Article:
The Washington Attorney General’s Office has placed a senior criminal investigator on paid administrative leave while it investigates an incident at a Tacoma restaurant in which a server said the man made a scene and stiffed her on her tip for wearing a Black Lives Matter button.
Cloyd Steiger, a former Seattle police homicide detective and now the chief criminal investigator for the AG’s Homicide Investigation Tracking System (HITS), was placed on leave Tuesday after the AG’s office Human Resources Department “initiated an investigation into his conduct,” said Dan Jackson, a spokesman for Attorney General Bob Ferguson.
Steiger, 61, declined to comment. His attorney, Steven Fogg, said Steiger was cooperating with the investigation and “deeply regrets what happened.”
The incident occurred Sunday afternoon at The Fish Peddler restaurant when Reese Vincent seated Steiger and the woman with him on the restaurant patio. She served them drinks and calamari, she said, and noted they seemed “standoffish.” The man, she said, seemed anxious to leave and asked to be cashed out after a single round of drinks.
Vincent, 20, who declined to be interviewed but confirmed an account of the incident she posted on Facebook, where she is known as “Reese Jacqulene,” noted that she and some other staffers at the restaurant wear BLM buttons.
“I feel it’s important to show where I stand with that sort of issue as a white person, and it’s great way to have a very informed conversation with my customers,” she wrote.
Vincent said Steiger pulled out his wallet to get his credit card and she noticed it bore “the American flag symbol with the blue line through the middle.
“I KNEW it was all downhill from there,” she wrote.
She described a “Thin Blue Line” flag, which has been adopted as a symbol for solidarity with law enforcement, although some see it as a symbol of white supremacy and institutional racism.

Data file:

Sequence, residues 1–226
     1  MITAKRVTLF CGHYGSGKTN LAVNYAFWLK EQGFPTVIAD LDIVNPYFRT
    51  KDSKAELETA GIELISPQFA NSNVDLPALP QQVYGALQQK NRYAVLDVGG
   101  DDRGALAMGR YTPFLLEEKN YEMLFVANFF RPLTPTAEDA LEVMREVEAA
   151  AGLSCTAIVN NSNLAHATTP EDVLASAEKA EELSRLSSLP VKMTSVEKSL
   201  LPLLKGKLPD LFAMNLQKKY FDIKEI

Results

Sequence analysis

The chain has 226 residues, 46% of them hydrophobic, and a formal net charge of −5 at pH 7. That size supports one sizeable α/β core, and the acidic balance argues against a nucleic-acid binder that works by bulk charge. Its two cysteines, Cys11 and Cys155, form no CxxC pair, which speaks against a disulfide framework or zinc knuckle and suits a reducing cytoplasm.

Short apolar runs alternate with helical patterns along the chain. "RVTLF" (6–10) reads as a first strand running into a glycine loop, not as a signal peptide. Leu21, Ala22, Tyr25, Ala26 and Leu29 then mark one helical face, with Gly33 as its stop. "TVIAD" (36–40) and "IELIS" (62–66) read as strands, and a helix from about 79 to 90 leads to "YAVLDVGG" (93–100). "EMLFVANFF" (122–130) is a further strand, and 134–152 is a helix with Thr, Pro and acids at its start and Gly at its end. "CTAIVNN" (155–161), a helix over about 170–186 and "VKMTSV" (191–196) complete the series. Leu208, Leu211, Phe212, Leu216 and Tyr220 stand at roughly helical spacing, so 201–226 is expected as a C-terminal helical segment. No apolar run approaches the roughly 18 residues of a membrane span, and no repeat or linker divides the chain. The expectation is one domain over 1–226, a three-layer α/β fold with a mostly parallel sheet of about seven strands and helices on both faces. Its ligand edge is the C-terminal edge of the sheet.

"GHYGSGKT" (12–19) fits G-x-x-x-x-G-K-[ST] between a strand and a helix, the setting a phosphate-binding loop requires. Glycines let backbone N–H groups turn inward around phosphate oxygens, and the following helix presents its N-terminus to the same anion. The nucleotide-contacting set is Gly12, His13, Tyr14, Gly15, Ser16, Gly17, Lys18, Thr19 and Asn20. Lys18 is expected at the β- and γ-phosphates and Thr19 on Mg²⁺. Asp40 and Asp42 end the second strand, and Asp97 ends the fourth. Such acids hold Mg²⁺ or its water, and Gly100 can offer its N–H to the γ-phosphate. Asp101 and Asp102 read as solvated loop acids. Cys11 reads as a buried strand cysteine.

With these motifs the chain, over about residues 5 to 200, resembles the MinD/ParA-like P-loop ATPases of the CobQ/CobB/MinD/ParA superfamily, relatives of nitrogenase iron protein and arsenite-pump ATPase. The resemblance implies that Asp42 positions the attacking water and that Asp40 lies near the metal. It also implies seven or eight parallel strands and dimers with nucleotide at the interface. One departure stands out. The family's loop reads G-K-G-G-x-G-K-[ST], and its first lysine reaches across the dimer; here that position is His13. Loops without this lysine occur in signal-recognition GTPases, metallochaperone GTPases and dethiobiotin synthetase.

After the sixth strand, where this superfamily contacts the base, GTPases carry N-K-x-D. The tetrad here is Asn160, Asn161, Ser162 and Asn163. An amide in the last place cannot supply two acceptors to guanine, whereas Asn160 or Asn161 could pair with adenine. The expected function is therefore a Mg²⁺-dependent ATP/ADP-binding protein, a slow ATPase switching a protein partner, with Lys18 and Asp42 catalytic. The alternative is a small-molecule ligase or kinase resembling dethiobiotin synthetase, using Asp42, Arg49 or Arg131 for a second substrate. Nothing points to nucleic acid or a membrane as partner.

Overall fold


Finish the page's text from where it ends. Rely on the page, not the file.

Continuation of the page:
Vincent said she was respectful, and cashed them out. She said she went into the back for about five minutes, and when she came back out “another one of my tables is urgent to leave, the whole dining room looks uncomfortable, and my co-workers are just in COMPLETE shock.
“This gentleman felt the need to walk into the restaurant and scream at who he thought was our manager, getting in his face, telling us he’s a ‘regular’ and he’s shocked to see us wearing these,” Vincent said. “He then proceeded to flip us off, write a nasty note on my slip, and leave.”
Steiger had scrawled on the $46.74 receipt — which bears his name — “BLM Button = No Tip” and “That’s How Socialism Works.”
Lacy Ogan, a spokeswoman for Pacific Seafood, which owns and operates the restaurant, said the company doesn’t “have any additional details to share.”
Vincent, who lives in Puyallup, said she was willing to let the incident pass until Steiger posted a copy of the receipt on his own Facebook page, something Fogg said his client “really regrets having done.”
Steiger, who also writes true-crime books and consults, retired in 2016 after a 36-year career with SPD, the last 22 of those as a homicide detective.
In Steiger’s defense, Fogg said Steiger has been a tenacious and dedicated homicide investigator for decades, and that residents of “both the city of Seattle and the state of Washington should be grateful for his years of service.”
Fogg described Steiger as “blue to the bone,” with two sons working as police officers in Seattle, including one stationed at the East Precinct, which has been the focal point of many of the BLM protests and where police say dozens of officers have been injured.
“His concerns for them as a parent, his worries about the dangers they have been facing, I think is understandable,” Fogg said. “What happened the other day is he got into a situation where his emotions got the better of him, and he’s sorry about that.”
Earlier this year, the city of Seattle settled for $300,000 a lawsuit filed against Steiger and two other SPD detectives over the 2011 arrest of Jack Daniel McCullough, a former Washington police officer accused in the sensational 1957 abduction and murder of Maria Ridulph in Illinois — one of the country’s most baffling cold cases.
McCullough was arrested in Seattle in 2011 and convicted by a judge of the crime in 2012, however a review of the conviction by a new prosecutor concluded McCullough could not have committed the homicide and he was exonerated.
Steiger gained public attention in the late 1990s when he turned in and testified against his ex-partner, Earl “Sonny” Davis, for stealing — then returning — at least $11,400 from the belongings of 84-year-old Bodegard Mitchell, a Black man fatally shot on Oct. 1, 1996, in South Seattle.